You can do this!  Get it done so you can…


4 Simple Apple Computer Maintenance Tips

Did you know that your computer needs some regular maintenance, just like your car?

Just like your car, your computer is a substantial financial investment and causes major inconvenience when it doesn’t run properly so it’s important to keep it in good shape. In both cases, you can learn how to do the maintenance yourself, or you can pay someone to take care of it for you.

If you don’t want to deal with it, I’ll be happy to take care of it for you…one time or on a monthly basis via remote connection.

I hope you find this information helpful and that you will forward to others so they can more fully enjoy the benefits of computer technology.

There are four simple maintenance tips that will help you keep your computer in tip-top shape and running at its best.:

Run Apple Disk Utility1) Run Disk Utility

Running Disk Utility every month or two is a good for: repairing permissions, and more importantly, verifying and repairing the hard drive.

Disk Utility is included on all Macs and found in the /Applications/Utilities folder, under the “First Aid” tab and can be run one after another.

Repairing permissions is a good procedure to run, especially after installing or uninstalling a lot of applications.

Repair Disk s probably the most important thing to do with Disk Utility. Be sure to run Verify Disk not only on the drive itself (physical drive name), but also the boot partition (Macintosh HD). If any errors are found, they’ll appear in red, and thankfully Disk Utility is usually more than capable of handling such repairs on it’s own.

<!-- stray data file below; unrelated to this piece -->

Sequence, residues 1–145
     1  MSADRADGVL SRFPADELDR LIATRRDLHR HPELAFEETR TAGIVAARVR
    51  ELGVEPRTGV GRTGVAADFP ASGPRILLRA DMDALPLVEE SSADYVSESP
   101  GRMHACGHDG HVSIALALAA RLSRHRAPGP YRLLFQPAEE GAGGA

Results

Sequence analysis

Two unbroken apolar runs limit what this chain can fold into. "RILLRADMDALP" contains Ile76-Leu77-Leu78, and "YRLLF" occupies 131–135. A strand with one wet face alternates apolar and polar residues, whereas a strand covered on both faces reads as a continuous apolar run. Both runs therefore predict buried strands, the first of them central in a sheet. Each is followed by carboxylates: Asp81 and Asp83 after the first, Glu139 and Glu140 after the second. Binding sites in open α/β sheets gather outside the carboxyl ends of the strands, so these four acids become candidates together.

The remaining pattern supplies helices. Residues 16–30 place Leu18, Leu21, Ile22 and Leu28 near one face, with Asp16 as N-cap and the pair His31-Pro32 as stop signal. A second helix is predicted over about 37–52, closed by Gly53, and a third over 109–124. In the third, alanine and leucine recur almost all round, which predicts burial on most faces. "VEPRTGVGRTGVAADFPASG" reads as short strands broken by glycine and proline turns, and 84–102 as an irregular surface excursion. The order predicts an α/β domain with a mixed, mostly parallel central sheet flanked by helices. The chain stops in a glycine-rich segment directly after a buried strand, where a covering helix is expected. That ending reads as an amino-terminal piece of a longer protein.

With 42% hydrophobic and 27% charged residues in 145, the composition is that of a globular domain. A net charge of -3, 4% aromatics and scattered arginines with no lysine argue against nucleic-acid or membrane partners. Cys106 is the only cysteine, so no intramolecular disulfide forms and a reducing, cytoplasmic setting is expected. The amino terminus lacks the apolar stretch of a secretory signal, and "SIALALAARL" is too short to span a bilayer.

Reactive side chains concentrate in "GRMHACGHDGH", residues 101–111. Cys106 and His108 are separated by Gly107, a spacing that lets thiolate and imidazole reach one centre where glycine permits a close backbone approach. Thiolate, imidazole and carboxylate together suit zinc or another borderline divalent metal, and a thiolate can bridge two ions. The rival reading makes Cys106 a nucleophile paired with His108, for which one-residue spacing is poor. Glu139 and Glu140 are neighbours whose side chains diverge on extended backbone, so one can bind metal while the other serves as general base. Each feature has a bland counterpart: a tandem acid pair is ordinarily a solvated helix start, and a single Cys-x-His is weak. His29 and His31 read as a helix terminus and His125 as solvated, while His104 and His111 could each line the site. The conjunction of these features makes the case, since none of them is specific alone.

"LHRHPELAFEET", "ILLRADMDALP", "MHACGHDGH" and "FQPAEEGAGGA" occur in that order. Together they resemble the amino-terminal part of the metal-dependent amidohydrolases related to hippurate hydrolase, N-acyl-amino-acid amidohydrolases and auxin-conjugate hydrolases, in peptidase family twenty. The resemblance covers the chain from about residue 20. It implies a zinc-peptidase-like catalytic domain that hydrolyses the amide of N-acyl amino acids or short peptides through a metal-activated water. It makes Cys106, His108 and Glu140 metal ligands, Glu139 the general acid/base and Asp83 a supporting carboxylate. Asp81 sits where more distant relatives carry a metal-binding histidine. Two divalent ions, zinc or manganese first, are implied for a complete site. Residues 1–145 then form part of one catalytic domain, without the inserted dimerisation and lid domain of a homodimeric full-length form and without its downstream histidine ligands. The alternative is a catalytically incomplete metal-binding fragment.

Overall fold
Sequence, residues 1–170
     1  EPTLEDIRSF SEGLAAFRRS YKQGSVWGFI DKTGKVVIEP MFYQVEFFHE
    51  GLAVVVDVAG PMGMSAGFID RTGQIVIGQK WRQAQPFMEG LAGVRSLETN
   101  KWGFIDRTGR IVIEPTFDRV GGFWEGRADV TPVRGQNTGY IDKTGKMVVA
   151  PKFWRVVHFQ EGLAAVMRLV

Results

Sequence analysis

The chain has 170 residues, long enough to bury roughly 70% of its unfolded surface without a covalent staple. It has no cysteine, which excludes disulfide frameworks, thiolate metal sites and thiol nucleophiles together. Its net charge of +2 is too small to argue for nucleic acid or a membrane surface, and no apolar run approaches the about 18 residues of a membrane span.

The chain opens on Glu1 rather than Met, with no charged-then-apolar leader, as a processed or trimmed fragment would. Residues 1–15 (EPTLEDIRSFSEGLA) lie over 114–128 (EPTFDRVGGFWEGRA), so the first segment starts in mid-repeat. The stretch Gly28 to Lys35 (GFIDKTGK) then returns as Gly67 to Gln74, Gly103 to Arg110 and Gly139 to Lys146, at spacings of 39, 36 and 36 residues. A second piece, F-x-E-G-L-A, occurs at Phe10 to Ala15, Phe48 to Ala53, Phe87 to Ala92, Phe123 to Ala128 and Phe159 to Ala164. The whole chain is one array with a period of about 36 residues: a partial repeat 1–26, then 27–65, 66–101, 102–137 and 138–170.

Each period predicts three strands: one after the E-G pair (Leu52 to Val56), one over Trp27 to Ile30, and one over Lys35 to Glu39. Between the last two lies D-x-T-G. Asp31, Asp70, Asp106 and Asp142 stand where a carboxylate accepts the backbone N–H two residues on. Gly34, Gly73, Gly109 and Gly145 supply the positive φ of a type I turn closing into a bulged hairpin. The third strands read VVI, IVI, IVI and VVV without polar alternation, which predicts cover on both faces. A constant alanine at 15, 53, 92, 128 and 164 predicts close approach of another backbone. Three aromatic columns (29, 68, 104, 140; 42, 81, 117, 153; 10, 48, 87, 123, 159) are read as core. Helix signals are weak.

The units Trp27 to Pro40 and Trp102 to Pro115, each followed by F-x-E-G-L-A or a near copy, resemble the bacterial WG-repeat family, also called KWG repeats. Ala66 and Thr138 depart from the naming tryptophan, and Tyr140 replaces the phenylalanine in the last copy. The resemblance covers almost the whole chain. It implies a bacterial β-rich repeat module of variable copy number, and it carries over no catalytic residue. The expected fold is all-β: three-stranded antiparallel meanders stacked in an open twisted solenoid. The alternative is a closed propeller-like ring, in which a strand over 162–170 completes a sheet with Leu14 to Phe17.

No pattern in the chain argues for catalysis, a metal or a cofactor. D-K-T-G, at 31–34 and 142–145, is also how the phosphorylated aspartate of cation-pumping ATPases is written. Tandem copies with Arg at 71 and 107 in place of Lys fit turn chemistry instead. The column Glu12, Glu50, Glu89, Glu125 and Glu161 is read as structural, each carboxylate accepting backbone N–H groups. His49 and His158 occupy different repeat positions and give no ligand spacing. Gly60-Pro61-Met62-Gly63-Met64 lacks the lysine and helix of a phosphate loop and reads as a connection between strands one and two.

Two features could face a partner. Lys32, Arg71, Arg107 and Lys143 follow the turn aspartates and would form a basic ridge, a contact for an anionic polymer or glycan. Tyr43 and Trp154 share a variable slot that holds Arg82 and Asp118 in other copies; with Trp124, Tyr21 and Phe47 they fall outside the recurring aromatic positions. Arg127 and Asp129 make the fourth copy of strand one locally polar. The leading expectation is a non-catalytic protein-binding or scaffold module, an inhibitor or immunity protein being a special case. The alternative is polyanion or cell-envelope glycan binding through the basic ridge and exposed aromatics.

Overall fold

The best way to repair the boot disk is to boot from the recovery partition by holding down Command+R and running Disk Utility from there. This will be necessary if bad blocks are found or if the drive is corrupt.

Mac Software Update2) Keep your Mac Software Updated

Keeping your software up to date is vital. Periodically run Software Update from the Apple menu, and periodically check the Mac App Store for updates of your apps too.

Updates contain bug fixes, feature enhancements, and security fixes. and it’s so easy to do there is no excuse not to.

Software Update will check for updates once a week by default, but the Mac App Store has to be manually checked for updates in OS X Lion.

With OS X Mountain Lion and newer, Software Update moves to the Mac App Store so this whole process will be automated for modern OS X users, including El Capitan, Yosemite, and Mavericks.

Mac Desktop Clutter3) Clean Off the Desktop

Having a lot of files on the desktop will actually slow down your computer because each file and its icon preview take up RAM and resources.

The less RAM you have the more you’ll notice the sluggishness resulting from a cluttered desktop.

It is more efficient to get in the habit of filing things into appropriate folders instead of on the desktop; but if you can’t be bothered to do that, just grab all the files and move them into the appropriate folders from time to time.

If you can’t remember to do it yourself, there are apps that will automatically clean it for you by moving files and folders to a designated place at a regular interval.

Set Up Time Machine4) Regularly Back Up Your Computer

Performing regular backups is essential for you to be able to quickly recover from potential disasters.

The simplest back up solution for Macs is Time Machine. You’ll need an external hard drive, but once you set up Time Machine, automatic backups occur without any effort.

If you haven’t set up Time Machine yet you really need to do so. Get a large external hard drive and configure Time Machine through System Preferences.  I’t’s easy to do and you’ll be very thankful you have a back up in the event of a hard drive failure.

You should also do a manual back up before allowing system software updates. I’t’s rare, but things can go wrong, and it’s best to be prepared.

“Listen to your Mother” and do your maintenance so you won’t have regrets later ; )